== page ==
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Prioritize Work

This lesson is a part of an audio course Organize and Prioritize Your Life by Austin Churchill

In our previous lesson, you learned that organizing work in a single system is critical for setting your foundation. Now, let's talk about how to prioritize the work you have organized in your source system. Let's think about this as the "when" you need to do it.

Your first step is to assess your priorities and shift tasks around in order. This is not simply moving tasks around in the order that is easiest or the order you prefer. There are several considerations that need to be addressed when weighing your priorities.

For each task, consider the following:

  • Identify your goals: It is critical to know what goals you are trying to achieve. These can be weekly, monthly, quarterly, or even yearly. The timeframe of these goals is dependent on your personal situation. Goals are essential for setting true priorities.

  • Identify the value: Knowing the value that your tasks bring can help you understand if the task is worth doing. A task with high value to you might not be as valuable to a task that brings value to your team.

  • Identify urgency and importance: By understanding the urgency and importance, it helps you to know when the task needs to be completed relative to your other tasks.

After you have an initial priority order set, make sure that you are re-evaluating on an ongoing basis. Again, the cadence for re-evaluating your list is dependent on your situation. Some might need to shift priorities daily, where others can do so monthly. Choose a schedule that works for you and put it on the calendar on a recurring basis. Prioritizing is not a one-time activity, for it to work, you need to keep adding to your list and shuffle around your tasks based on the considerations outlined previously.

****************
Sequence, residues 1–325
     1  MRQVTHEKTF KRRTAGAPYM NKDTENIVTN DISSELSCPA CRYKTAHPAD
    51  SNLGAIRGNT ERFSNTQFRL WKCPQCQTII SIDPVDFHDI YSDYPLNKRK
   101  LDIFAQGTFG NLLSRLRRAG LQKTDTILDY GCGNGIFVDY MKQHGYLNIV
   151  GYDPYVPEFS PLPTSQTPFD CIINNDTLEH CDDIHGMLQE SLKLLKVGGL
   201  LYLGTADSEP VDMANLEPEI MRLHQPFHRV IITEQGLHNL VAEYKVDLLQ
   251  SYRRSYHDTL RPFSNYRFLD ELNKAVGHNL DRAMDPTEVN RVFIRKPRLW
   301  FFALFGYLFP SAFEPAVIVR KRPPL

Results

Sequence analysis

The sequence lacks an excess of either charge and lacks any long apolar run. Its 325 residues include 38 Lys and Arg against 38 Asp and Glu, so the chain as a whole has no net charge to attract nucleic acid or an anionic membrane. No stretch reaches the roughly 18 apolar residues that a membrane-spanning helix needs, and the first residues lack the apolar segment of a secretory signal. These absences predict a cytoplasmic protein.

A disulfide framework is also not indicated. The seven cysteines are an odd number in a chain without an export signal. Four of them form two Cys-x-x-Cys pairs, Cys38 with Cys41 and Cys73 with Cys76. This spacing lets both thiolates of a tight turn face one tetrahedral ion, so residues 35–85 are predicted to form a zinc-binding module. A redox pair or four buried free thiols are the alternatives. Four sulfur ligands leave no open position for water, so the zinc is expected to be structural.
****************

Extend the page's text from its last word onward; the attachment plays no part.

This might appear to be a large task. That is because it is. If you have never gone through a proper prioritization exercise, it will definitely be a large task. But since you are committing to re-evaluating your tasks on an ongoing basis, you won't have to take on this large task again. Your time will shift to evaluating new tasks and how they fit alongside your other tasks.

There is a tendency to think, these lessons are meant for work tasks. But this isn't only useful thinking for work! Make sure you're spending your personal time wisely and doing things that are worthwhile to you outside of work. Prioritizing your life alongside your work can lead to a happier, healthier life. When we prioritize our life outside of work, all aspects of our life improve, including work.

Let's check back in with Employee A and see how they have been progressing through this lesson. Employee A came to the realization that they couldn't get everything done today that they wanted to get done. But now they feel confident the work they did complete was their highest-value work. They feel confident in their output and can explain why the lesser value work was not completed.

Your Task: Use the considerations talked about in this lesson on your organized list of tasks. Take a first pass at prioritizing your list. Remember, our goal is to always work on our highest value work.

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Written by

Austin Churchill